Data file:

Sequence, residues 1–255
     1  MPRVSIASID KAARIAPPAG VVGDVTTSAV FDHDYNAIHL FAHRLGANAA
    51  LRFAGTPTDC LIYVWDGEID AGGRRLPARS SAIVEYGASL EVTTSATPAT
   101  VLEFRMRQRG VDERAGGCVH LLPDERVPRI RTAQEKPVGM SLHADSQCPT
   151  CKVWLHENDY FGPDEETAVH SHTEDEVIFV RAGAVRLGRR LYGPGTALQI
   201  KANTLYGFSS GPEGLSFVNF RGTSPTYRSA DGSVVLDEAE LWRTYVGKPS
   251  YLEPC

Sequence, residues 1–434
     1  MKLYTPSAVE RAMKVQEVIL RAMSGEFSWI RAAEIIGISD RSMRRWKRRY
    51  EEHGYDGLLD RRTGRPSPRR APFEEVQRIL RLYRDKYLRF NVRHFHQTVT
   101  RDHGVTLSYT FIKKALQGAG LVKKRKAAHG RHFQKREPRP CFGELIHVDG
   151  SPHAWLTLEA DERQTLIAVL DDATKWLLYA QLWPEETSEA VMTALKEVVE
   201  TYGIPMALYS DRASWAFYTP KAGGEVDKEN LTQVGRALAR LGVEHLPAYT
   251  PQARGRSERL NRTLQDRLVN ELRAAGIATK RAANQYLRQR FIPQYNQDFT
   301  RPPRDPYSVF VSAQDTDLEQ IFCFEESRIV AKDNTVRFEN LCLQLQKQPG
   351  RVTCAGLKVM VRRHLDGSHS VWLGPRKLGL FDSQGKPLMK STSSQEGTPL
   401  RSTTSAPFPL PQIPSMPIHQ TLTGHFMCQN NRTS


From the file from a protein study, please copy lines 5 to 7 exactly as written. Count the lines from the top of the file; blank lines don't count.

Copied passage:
   151  CKVWLHENDY FGPDEETAVH SHTEDEVIFV RAGAVRLGRR LYGPGTALQI
   201  KANTLYGFSS GPEGLSFVNF RGTSPTYRSA DGSVVLDEAE LWRTYVGKPS
   251  YLEPC